Defending the arrests of journalists from Eleven Media, the Yangon Region government in a statement claimed that the journalists were prosecuted for reporting based on wrong facts.
Myanmar police had on Wednesday arrested three journalists after their paper Eleven criticised the financial management of Yangon government, which is overseen by a protege of leader Aung San Suu Kyi. The latest arrests have sparked concerns over press freedom in Myanmar.
In a statement, Yangon Region government explained that they arrested the journalists and prosecuted them for an article written by Phyo Wai which appeared in the October 8 issue of weekly Eleven journal in which some facts were wrong.
The columnist wrote in the article that the shares of Yangon Metropolitan public company constituted by the Yangon Region government were kept in the name of an individual, M. Thaung, and this was the wrong procedure.
The statement issued by Region Government said: "Region Government Minister of Planning and Finance Myint Thaung got involved in the business of this company in representation of regional government and did not buy shares with public money and keep them in the name of the individual."
"The article published by Eleven Media caused disaffection to government by the public and distrust which leads to inducing people to commit offences against government. The government lodged a direct complaint at Tamwe Township court under section 505(b) of Penal Code (public mischief) against the journalists and they were arrested by court warrant," the statement added.
The Myanmar Press Council in a statement issued on Thursday strongly condemned the arrest of the journalists and demanded the case to be settled through arbitration.
The rights groups too criticised the detention of the three journalists from Eleven Media, which comes as the latest in a long series of cases brought against the media under vague and outdated laws.
Executive editors Kyaw Zaw Lin and Nayi Min and chief reporter Phyo Wai Win were hauled in before a Yangon court in handcuffs on Wednesday morning to hear the charges against them before being sent to Insein jail.
Yangon Region government Director Aung Kyaw Khaing prosecuted the journalists on behalf of the Region Government under section 505(b) of Penal Code after an article appeared in Weekly Eleven journal on October 8.
Eleven Media senior editor Wai Phyo wrote the article under the title: 'Close all ever losing gas stations, school buses bought with money from unknown lender, Public share in individual's name'. Advocate Kyee Myint who represents the journalists said his clients were prosecuted for facts contained in the article.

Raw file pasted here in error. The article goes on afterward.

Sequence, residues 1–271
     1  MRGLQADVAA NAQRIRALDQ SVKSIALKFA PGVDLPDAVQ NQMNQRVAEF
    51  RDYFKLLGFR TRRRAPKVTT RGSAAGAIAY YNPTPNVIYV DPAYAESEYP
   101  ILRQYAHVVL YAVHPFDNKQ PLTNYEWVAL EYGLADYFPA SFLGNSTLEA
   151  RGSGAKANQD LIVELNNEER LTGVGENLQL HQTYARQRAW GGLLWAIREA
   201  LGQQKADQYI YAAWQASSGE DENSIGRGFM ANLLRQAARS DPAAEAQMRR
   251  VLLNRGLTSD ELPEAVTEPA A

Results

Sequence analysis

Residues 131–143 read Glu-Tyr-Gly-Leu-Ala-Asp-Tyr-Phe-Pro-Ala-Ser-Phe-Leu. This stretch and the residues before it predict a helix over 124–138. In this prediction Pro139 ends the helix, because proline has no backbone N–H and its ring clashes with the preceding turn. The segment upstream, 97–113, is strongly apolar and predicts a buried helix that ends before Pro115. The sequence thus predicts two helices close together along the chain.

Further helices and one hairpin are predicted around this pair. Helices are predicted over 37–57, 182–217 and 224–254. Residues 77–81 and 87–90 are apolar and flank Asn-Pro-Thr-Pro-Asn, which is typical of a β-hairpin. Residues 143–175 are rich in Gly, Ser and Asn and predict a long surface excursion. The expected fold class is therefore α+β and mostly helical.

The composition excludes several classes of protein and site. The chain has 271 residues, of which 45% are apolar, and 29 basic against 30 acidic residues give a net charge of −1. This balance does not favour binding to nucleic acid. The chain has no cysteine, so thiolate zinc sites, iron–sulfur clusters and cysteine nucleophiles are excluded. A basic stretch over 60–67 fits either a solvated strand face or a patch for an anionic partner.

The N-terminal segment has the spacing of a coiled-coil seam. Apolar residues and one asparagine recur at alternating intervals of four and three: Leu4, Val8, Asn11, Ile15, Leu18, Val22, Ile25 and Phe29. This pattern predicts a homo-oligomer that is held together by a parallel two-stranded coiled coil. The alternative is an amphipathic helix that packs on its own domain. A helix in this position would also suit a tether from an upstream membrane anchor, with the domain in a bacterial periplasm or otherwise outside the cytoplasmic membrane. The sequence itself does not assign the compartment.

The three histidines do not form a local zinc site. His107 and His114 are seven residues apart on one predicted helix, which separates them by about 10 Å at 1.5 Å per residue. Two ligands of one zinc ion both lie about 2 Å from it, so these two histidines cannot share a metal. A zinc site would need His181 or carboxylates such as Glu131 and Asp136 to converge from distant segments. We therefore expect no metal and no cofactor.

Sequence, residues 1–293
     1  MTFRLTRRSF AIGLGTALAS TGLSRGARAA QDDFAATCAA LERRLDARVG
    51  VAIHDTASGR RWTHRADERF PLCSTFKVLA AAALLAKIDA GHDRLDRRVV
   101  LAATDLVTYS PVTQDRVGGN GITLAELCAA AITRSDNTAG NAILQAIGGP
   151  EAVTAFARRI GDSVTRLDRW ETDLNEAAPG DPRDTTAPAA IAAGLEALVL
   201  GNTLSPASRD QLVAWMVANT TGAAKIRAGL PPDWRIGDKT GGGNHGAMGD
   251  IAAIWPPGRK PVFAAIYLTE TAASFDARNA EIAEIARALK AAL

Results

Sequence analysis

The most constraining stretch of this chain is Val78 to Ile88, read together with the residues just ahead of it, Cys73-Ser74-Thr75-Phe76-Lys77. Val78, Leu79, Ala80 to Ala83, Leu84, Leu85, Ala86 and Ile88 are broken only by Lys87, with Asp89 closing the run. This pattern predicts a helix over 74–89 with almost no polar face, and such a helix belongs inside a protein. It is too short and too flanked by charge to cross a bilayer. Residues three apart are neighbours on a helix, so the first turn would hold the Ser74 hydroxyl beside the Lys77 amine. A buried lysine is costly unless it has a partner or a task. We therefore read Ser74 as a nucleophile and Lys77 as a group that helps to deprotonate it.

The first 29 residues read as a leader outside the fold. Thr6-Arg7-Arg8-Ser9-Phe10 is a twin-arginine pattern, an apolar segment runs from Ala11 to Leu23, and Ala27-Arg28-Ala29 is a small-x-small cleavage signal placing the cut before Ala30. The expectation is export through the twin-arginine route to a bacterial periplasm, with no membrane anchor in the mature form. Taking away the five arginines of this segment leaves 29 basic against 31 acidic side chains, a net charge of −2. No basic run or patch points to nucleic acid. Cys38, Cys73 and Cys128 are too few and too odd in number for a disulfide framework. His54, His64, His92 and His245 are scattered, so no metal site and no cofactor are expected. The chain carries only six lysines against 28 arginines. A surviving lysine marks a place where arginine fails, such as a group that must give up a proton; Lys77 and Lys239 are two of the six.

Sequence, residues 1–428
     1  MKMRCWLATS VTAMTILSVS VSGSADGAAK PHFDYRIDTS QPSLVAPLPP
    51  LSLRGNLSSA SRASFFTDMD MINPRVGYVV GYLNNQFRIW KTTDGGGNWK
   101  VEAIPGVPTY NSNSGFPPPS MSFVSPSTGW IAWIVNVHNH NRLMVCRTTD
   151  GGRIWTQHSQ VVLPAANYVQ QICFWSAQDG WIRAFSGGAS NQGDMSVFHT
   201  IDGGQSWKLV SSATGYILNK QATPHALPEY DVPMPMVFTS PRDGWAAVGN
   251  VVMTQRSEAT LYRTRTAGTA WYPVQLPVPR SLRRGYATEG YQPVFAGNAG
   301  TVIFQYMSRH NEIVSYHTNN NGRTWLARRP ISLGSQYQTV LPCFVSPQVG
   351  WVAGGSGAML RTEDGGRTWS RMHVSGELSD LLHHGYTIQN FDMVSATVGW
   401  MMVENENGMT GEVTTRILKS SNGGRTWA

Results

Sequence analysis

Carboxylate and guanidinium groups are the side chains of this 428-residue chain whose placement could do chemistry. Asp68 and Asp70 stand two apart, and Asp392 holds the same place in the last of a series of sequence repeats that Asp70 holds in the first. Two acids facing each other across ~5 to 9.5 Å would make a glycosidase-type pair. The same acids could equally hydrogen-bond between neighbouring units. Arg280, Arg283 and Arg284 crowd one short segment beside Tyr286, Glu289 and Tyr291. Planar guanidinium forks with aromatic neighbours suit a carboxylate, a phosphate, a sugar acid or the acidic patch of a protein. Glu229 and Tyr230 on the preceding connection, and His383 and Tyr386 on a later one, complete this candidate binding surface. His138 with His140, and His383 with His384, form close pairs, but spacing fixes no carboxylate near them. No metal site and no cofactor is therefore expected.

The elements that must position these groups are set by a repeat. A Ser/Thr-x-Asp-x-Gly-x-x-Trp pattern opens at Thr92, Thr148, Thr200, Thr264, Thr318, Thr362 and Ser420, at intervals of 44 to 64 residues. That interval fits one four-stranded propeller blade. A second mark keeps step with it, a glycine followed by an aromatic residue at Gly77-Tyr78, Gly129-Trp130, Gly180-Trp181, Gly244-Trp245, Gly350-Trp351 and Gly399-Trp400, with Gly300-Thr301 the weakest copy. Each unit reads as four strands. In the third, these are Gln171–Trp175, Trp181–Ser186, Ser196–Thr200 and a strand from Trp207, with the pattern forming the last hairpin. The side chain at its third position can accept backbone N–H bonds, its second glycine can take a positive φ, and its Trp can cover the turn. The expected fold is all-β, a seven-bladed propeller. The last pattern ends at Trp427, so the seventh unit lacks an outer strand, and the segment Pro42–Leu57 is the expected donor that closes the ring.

"Section 505 has exemption. This exemption says it will not be a crime if the writing of news is based on true facts. We will defend our clients on this ground," Advocate Kyee Myint said.
The Township court remanded the three journalists in judicial custody. The court fixed the next hearing for October 17. Section 505(b) of Penal Code carries a maximum punishment of three years imprisonment or fine or both if found guilty.
Their arrest is an "affront to press freedom" and a sign the government is "close to becoming an authoritarian regime," Ravi R. Prasad from the Vienna-based International Press Institute said.
"The whole media industry is under threat," said Hlaing Thit Zin Wai, founder of the Protection Committee for Myanmar Journalists. "I even have a bag packed at home as we cannot predict when it will be our turn," he added.
It is not the first time Eleven Media Group has been targeted by the authorities. In November 2016, the paper's then editors were jailed over a column that accused a government official of receiving a watch worth USD 100,000 from a businessman who later won plum contracts.
The arrests came just a few weeks after the sentencing of two Reuters journalists to seven years in jail at the end of what was widely seen as a sham trial, during which a police officer testified that they had been set up.
Wa Lone, 32, and Kyaw Soe Oo, 28, had been investigating the extrajudicial killing of Rohingya men during a violent military crackdown last year against the stateless minority.
Civilian leader Suu Kyi has been facing criticism over the jailing, with the UN blasting Myanmar for waging "a political campaign against independent journalism".
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